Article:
Deadline Looms for Syrian Government

Posted November 25th, 2011 at 6:15 am (UTC-5)
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Time is running out for Syria to meet Arab League demands and end a violent crackdown on anti-government protesters.

The Arab League has given Syria until midday Friday to change course and allow observers into the country or face new sanctions.

Speaking to reporters Friday in Istanbul, Turkish Foreign Minister Ahmet Davutoglu called the offer Syria's “last chance.” The French news agency also said Davutoglu called on Damascus to “put an end to the suffering of the Syrian people.”

The Arab League suspended Syria's membership two weeks ago, angered that Syrian President Bashar al-Assad failed to fulfill a pledge to bring an end to the violence and pull Syrian forces out of major cities.

League representatives are due to meet again Saturday to discuss the sanctions if Syria fails to sign the agreement. But Russia warned Friday such sanctions would be counterproductive.

Russian Foreign Ministry spokesman Alexander Lukashevich told reporters in Moscow that what Syria needs most is to revive its internal political dialogue.

Lukashevich said Moscow needs more information on a French proposal to create so-called “humanitarian corridors” in Syria, to help bring medicine and other supplies to civilians in need. “In think we will return to this question when more clarity emerges about what specifically is being discussed,” he said.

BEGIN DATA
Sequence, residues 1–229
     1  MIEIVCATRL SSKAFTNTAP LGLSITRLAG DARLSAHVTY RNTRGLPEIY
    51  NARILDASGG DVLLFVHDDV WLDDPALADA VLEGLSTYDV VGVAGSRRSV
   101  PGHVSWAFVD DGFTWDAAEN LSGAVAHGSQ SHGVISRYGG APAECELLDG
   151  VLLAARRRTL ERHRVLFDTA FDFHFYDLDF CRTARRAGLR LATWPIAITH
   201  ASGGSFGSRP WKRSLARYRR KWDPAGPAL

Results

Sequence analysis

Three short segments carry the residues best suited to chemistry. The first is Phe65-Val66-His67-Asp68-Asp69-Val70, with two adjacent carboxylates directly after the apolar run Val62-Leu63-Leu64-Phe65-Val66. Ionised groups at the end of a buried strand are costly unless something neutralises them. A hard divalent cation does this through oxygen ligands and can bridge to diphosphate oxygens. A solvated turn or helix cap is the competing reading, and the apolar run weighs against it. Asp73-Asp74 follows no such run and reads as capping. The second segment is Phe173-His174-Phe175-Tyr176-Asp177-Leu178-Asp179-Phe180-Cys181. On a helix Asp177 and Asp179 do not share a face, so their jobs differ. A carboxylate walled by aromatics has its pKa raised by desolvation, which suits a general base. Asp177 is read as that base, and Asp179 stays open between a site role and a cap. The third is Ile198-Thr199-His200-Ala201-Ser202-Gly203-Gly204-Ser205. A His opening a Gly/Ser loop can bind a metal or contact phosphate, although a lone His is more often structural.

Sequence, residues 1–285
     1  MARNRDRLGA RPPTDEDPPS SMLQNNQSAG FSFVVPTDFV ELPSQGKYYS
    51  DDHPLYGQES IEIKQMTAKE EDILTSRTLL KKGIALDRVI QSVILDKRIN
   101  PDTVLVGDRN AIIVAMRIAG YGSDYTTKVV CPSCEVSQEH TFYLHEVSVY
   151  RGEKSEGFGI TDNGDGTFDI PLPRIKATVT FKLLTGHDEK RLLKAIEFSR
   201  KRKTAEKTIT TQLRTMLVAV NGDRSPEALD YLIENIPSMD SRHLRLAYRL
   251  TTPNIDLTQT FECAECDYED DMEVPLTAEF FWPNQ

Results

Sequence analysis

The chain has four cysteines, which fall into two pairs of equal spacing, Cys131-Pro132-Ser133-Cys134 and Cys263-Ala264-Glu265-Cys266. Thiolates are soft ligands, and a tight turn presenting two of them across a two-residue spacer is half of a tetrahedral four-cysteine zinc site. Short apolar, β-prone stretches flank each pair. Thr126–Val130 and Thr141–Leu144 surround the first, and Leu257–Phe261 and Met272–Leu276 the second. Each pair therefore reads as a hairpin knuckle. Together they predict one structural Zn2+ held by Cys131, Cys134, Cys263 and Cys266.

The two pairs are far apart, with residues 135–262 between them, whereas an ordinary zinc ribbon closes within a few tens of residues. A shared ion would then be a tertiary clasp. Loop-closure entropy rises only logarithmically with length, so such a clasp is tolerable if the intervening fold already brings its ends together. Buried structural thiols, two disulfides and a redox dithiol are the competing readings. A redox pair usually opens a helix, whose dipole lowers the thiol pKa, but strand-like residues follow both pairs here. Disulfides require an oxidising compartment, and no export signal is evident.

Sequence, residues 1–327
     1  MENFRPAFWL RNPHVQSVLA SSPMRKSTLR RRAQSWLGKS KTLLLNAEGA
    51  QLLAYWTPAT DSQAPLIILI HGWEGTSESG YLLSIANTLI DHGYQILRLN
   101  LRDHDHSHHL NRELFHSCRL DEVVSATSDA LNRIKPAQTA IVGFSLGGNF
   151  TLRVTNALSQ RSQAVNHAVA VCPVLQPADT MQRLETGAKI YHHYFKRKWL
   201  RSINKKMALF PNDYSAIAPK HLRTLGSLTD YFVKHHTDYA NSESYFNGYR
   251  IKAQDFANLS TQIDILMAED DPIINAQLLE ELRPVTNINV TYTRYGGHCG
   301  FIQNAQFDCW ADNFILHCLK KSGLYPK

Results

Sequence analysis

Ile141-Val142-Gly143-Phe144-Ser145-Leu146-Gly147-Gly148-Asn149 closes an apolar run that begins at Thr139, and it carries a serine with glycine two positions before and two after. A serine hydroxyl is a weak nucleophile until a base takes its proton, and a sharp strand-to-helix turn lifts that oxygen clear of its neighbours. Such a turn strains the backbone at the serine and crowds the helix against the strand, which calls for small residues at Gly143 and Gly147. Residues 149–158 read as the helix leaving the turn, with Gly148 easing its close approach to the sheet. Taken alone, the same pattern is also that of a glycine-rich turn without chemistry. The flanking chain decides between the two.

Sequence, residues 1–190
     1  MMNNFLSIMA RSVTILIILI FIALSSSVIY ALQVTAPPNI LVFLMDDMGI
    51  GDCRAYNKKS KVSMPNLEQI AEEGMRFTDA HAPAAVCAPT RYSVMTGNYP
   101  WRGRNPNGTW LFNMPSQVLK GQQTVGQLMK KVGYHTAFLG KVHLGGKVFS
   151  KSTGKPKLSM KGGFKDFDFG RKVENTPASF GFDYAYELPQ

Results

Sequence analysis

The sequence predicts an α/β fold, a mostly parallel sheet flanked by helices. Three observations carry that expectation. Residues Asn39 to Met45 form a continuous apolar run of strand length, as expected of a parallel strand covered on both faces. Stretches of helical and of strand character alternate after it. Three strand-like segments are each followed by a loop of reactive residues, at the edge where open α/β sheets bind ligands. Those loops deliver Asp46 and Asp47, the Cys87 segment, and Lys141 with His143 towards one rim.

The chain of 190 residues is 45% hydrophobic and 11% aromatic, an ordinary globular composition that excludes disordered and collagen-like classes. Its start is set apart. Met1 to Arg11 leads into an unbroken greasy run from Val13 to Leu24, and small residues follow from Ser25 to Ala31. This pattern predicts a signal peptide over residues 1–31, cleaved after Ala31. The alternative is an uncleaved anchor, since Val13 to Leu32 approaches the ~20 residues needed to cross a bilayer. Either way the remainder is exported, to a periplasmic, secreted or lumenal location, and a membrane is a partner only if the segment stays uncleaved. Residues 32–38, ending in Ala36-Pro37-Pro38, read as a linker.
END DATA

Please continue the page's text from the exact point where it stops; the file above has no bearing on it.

French Foreign Minister Alain Juppe has said he will seek Arab League support for the measure and discuss it with the United States and international partners at the United Nations.

The British-based Syrian Observatory for Human Rights group said Thursday new violence on the ground has claimed at least another 47 lives. It said most of the deaths occurred in the flashpoint province of Homs, and that the victims included members of Syria's security forces, army deserters and civilians.

The United Nations says at least 3,500 people have been killed in connection with the Syrian revolt since March. Syria blames much of the violence on foreign-backed terrorists and religious extremists.